Reviewing: It is definitely widely accepted common sense in all circles that you must keep your plans and documents etc "up to date", keep your documents "living" etc. No conflict or contradiction so far. I still dare to stick my neck out and say that GTD emphasizes the reviewing much more than other people (or writers or schools) do. In fact, GTD even prescribes reviewing as an active part of your decision making process - there is more at stake than just keeping you documents "clean".

          This tallies very well with some personalities, and less with some. I have always had the habit of resorting to my lists and plans when I feel lost, or want to refresh my memory, or am unhappy or insecure, or whatever. Reviewing my plans has almost been second nature to me for as long as I can remember. And to many others, too, I am sure, but definitely not to all people. It is natural that I read into GTD a larger emphasis on reviewing than somebody who is intuitively prone to avoid it.

          Although reviewing to some extent is common sense to everybody, it may be perceived by some as conflicting with other kinds of generally accepted common sense, for example the wish to keep things simple. An alternative to reviewing, attractive to some people, is to predetermine the date on which you will do something. This takes away (for them) some of the ongoing need to regularly review their lists. All they need to do is wait for that date to come up.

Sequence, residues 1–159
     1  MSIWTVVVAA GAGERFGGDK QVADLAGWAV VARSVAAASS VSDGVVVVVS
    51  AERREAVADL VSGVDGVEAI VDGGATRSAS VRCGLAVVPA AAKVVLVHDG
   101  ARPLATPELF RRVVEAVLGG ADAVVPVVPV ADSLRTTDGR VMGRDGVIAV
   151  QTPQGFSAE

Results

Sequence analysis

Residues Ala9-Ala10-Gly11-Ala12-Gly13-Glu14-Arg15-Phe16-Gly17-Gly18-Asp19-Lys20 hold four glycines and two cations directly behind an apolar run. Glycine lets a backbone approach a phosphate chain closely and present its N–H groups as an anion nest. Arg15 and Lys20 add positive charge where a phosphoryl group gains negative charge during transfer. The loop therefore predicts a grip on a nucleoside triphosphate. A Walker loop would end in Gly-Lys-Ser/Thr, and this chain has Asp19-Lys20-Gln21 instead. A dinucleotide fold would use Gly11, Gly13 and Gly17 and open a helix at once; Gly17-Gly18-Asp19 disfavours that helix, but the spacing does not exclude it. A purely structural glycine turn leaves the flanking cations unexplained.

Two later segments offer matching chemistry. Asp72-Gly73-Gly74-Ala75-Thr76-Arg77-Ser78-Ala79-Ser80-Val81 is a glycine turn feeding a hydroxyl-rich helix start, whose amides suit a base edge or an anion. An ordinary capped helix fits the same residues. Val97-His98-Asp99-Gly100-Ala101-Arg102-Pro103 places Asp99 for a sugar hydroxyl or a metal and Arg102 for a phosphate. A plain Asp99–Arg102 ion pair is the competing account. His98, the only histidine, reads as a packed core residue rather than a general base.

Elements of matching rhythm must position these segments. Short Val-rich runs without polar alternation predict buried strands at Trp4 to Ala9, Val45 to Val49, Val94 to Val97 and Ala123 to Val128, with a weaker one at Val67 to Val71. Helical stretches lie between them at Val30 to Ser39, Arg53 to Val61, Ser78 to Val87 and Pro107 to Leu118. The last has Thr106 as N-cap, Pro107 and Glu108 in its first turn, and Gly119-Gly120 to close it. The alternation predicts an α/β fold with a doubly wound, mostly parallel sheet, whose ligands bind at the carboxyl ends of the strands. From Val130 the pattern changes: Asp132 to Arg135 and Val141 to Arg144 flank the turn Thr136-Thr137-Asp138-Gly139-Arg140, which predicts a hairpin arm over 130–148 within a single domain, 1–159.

So although both reviewing and calendaring and keeping things simple are all within the domain of the common sense or common practice that we all share, we all place different emphasis on these things. Based on my own "preconceived ideas" I tend to read into GTD an emphasis on reviewing, an emphasis on avoiding soft scheduling and soft sequencing of all kinds, an emphasis on what are "objective facts" rather than mere "planning", and an emphasis on situational (almost "carpe diem, carpe horam") day-to-day task selection.

          Whether or not this is the one and only accurate summary interpretation of GTD I obviously cannot say (it would be philosophically incorrect to do so, and I could even improve the above description myself), but I can testify that this is my honest understanding in a nutshell, based on the "preconceived" views that I have managed to accrue over the years and which is the only reference point I have - it is all subjective in the end.